Handicrafts to manure, insects find use in myriad products

Handicrafts to manure, insects  find use in myriad products

 Handicrafts made of insect resin, organic manure produced from the insect waste or insect based biopesticides. Sounds interesting, isn’t it?  

Although thousands of insect species have been discovered till now, yet not many know about their uses that could span entire cottage industries, according to Dr Abraham Verghese, director, National Bureau of Agricultural Insect Resources (NBAIR), which is under the administrative control of the Indian Council for Agricultural Research (ICAR) at Hebbal in Bengaluru.

He was speaking to Deccan Herald on the sidelines of the ‘Insect and Insects Product Exhibition’ organised by ICAR-NBAIR here on Saturday.

The protaetia aurichalcea, for example, is a species of beetle that eats decaying plants and its waste, and can be used as manure in agriculture. The lac insect produces a resin that can be used for making various handicrafts. “In places like Jharkhand the products made of lac is exported. There are a number of niche markets for the products made of it,” said Dr Verghese. In various parts of the world a number of insects are eaten and made into packaged snacks. “Who said startups are only from the software industry and engineers,” he added.

Further, the make-up of a species of worms called ‘waxworms’ is very similar to that of mammals and they could be used, instead of mammals, in testing. Then there is the practice of rearing ‘stick insects’ that is popular in countries like Thailand. Insects like predaceous diving beetle and ‘water striders’ can also be used in aquariums.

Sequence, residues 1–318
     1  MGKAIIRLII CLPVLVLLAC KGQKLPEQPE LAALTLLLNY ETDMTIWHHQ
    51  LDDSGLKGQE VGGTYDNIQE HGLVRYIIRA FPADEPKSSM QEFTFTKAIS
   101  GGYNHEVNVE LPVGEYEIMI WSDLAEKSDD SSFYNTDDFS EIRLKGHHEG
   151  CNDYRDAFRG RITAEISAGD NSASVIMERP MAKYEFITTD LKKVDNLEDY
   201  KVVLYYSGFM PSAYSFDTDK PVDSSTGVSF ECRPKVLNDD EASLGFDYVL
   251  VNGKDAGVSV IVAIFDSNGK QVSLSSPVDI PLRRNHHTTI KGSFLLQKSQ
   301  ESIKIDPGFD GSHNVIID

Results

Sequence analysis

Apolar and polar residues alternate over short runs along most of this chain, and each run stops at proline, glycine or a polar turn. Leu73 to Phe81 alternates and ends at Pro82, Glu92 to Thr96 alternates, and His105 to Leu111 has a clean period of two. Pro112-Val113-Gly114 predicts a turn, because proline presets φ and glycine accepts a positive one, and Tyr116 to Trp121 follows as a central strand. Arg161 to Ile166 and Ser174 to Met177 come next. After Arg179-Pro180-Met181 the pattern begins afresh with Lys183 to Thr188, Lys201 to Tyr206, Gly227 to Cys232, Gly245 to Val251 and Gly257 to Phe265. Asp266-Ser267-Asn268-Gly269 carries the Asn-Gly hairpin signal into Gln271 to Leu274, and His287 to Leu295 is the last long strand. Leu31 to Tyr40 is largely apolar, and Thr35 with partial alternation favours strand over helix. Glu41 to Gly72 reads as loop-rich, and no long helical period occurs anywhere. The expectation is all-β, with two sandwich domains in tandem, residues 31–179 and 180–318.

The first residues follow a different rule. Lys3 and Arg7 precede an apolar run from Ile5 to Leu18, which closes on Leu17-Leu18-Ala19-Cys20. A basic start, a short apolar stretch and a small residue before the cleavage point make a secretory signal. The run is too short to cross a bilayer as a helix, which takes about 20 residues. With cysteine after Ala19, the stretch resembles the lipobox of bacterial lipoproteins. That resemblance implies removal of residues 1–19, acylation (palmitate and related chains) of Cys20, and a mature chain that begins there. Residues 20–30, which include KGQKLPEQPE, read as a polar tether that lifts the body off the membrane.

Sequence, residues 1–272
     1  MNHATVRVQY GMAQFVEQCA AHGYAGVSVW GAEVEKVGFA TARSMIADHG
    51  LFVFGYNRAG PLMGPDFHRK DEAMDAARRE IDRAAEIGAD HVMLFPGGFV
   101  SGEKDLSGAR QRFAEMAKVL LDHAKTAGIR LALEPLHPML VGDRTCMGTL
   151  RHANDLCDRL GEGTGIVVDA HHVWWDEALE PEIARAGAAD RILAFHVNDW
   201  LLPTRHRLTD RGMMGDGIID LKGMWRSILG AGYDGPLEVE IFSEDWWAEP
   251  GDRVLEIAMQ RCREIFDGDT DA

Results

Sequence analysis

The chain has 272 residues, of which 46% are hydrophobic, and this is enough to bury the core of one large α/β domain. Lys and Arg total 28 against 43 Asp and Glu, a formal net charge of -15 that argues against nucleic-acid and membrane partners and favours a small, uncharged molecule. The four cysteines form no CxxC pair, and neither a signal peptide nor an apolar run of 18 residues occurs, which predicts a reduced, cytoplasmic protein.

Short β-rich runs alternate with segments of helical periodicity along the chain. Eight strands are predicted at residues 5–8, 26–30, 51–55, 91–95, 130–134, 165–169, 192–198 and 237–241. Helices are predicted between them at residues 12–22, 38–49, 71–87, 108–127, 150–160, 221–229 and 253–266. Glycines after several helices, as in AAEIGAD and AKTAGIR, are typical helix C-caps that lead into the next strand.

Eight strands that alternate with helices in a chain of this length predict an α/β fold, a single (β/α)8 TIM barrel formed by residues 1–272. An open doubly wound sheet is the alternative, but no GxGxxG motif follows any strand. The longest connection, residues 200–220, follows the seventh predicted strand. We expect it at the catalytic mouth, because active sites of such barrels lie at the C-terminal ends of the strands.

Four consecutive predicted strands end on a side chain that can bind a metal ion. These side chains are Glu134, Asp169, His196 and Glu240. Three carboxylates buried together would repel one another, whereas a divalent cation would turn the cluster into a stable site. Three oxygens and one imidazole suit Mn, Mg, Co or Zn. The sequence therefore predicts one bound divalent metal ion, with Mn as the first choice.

Insect based biopesticides

While the production and market for chemical fertilisers is huge, organic pest control mechanism using insects is something that the institute has been promoting. The trigchogramma chilonis, a species of wasp, can be used by farmers as pest control in warm regions that grow sugarcane, groundnuts, cotton and other crops.  The wasp parasitizes the eggs of common pests such as sugarcane borers, cotton bollworms and kills them with no risk to the crop. Another insect species, the common green lacewing (chrysoperla zastrowi sillemi) is a good biological control agent for various pests.

Sumanth Shivalingaiah, an engineer and consultant with Qualcomm, who wants to start an organic farming business, said, “I want to get into full-time organic farming and such bio-pest control mechanisms are definitely important to such plans.”Dr Verghese said that anyone interested will be helped by the institute in terms of know-how support and training. People can also log on to the institute’s website: http://www.nbair.res.in/.


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